I particularly remember a chant from Chilon, in whose refrain it says: “You test gold on whetstones … but gold shows how men are sensed, whether they are good or bad.” [3, p. 23]
The sayings of the seven wise men
The Gallo-Roman poet Ausonius (310-394) has one of his characters proclaim their famous sayings and maxims in the play Ludus Septem Sapientum (The Game of the Seven Wise Men). Of course, these are far from the only ones that have been assigned to the respective sages throughout history, but it is enough as a good basis. Maybe you can get inspiration from one of the sentences?
The following passage, in which the proverbs of the seven wise men are listed, is quoted from the work of Bruno Snell , a classical philologist, entitled Life and Opinions of the Seven Wise Men :
In Delphi, it is said, Solon of Athens wrote
γνῶθι σεαυτόν , in German: know yourself.
But some think this is Chilon’s word.
The maxim γνῶθι σεαυτόν ( g nṓthi seautón ), meaning ›know yourself‹, is one of the most famous sayings of all. The meaning of this maxim expands to different areas with different interpretations. Originally one could have understood this sentence simply as an invitation to humility towards the gods.
At the latest at the time of the Stoa , the call for self-knowledge took a turn: man should become aware that he is mortal, imperfect in his possibilities and very limited in his life. Accordingly, in order to be able to live successfully, he must develop a right measure of humility to virtue.
Spartan Chilon, it is also argued
whether yours is the other saying: ὅρα τέλος μακροῦ βίου ,
which is attributed to you, because you order to wait for
the end of a long life first. […]
The maxim ὅρα τέλος μακροῦ βίου ( hóra telos makru bíu ), meaning ›Pay attention to the end of a long life‹, can be interpreted by everyone for himself. I don’t think there’s really much to gain here.
But Pittakos of Lesbos, it is said, said:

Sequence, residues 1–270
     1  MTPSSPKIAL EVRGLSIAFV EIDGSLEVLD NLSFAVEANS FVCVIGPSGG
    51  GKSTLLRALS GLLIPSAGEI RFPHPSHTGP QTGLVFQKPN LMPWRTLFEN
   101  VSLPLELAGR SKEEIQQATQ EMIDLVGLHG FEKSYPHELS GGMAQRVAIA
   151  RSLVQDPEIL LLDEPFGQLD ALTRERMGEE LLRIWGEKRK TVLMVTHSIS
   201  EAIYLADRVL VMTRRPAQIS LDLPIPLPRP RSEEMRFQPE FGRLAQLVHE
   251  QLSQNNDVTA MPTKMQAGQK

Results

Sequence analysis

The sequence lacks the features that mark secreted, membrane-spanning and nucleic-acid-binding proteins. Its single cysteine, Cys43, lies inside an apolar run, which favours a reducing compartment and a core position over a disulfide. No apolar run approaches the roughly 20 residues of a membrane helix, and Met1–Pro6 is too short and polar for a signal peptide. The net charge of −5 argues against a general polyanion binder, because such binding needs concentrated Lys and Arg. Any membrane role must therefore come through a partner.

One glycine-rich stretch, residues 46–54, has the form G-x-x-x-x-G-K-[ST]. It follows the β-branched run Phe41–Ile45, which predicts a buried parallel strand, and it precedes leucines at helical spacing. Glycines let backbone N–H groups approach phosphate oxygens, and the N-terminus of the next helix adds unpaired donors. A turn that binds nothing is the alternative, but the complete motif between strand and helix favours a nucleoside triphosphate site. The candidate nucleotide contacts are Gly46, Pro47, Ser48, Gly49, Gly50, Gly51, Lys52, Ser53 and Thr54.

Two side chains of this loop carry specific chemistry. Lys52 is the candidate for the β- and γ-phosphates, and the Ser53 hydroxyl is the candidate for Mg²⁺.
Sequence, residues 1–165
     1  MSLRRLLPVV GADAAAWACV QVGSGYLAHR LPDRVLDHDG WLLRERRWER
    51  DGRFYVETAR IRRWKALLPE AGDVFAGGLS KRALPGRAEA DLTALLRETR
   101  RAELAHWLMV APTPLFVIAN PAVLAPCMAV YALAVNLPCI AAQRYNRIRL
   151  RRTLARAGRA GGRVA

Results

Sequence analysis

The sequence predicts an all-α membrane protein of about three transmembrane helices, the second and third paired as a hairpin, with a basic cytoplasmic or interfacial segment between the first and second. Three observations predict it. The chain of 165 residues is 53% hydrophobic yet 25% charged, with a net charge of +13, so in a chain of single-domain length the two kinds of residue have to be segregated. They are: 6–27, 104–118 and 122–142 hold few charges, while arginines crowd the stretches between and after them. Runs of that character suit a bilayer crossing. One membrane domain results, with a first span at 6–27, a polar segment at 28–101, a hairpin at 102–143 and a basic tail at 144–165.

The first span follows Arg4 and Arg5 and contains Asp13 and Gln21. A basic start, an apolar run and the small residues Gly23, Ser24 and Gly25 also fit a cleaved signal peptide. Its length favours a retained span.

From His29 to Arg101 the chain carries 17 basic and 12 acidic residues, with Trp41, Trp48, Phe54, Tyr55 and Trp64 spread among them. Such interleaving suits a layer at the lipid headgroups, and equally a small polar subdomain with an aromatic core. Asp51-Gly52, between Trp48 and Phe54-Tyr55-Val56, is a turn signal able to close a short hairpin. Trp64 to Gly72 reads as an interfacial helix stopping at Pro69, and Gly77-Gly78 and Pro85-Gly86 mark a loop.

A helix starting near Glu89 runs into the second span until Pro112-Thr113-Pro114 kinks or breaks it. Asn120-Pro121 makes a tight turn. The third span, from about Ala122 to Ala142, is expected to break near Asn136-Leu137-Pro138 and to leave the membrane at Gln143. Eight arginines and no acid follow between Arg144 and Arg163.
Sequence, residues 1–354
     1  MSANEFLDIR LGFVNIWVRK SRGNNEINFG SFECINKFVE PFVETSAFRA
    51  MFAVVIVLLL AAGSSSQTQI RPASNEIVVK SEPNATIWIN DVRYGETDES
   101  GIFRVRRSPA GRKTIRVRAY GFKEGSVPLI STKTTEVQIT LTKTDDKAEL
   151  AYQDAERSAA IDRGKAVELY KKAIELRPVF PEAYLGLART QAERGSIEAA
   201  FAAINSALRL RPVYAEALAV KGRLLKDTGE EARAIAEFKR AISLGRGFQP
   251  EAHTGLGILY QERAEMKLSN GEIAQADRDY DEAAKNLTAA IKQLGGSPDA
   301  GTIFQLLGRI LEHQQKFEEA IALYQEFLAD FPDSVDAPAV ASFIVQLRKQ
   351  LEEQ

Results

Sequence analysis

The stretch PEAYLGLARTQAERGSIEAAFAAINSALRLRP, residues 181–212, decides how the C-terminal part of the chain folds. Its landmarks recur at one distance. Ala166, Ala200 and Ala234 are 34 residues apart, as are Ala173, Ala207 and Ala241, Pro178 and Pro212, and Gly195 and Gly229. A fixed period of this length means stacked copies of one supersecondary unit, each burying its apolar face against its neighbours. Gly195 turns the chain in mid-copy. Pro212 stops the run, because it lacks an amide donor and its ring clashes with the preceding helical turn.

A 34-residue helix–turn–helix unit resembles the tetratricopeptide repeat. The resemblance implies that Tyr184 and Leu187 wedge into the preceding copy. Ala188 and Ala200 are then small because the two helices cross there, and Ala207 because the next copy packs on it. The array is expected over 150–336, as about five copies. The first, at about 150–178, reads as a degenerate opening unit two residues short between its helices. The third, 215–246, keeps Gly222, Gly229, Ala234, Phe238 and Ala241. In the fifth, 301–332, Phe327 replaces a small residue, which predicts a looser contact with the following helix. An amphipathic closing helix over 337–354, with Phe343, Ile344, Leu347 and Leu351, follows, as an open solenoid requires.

γίγνωσκε καιρόν and exhorts:
Recognize ‘the time – καιρός is’ right time’.
On the other hand, Pittako’s saying γίγνωσκε καιρόν ( gígnōske kairón ) is of great importance , roughly: recognize the right time! Any action can be totally botched if done at the wrong time. Especially in the Aristotelian virtue ethics , the right measure, i.e. the right way to perform an action, only a few centuries later, according to this saying, becomes decisive as the guideline for a new ethic.
And Bias von Priene said: οἱ πλεῖστοι κακοί ,
that means in German: Most people
are bad; – understand, he calls the fools bad.
Bias’ saying οἱ πλεῖστοι κακοί ( h oi pléistoi kakói ) is perhaps a true, but pessimistic attitude, based on the fact that he equates most people with fools, i.e. fools. A fool is characterized by the fact that he does not act according to reason and is also unteachable, wanton and naive. Bias condemns these specific traits that he believes most people have.
And Periander from Corinth: μελέτη τὸ πᾶν ;
Carefully, he thinks, can do anything.
Have the whole thing in mind, or μελέτη τὸ πᾶν ( m elétē to pan ). Periander hereby exhorts us to show foresight and always to keep the whole of life in mind. We should always ask ourselves how our life, our actions and our work in this world appear in context.
ἄριστον μέτρον taught Cleobulus from Lindas,
– German: the best is the measure.
Another indication of the importance of the mean in ancient ethics is provided by Cleobulus with his maxim ἄριστον μέτρον ( m étron áriston ): moderation is the best. Some time later, Aristotle gave this maxim a newer form in his Nicomachean Ethics by establishing the doctrine of the right center, the so-called Mesotes doctrine .
Too much of things, as well as too little, is undesirable in all matters. Instead of rushing to extremes, care should be taken to surround yourself with healthy conditions and to live according to the right measure.
And Thales said, ἐγγύα, πάρα δ᾽ ἄτα ;
He warns against bail, as it brings harm.
The one who borrows does not like this admonition.
I have spoken, resign; and Solon,
Who Gave the Laws, appears.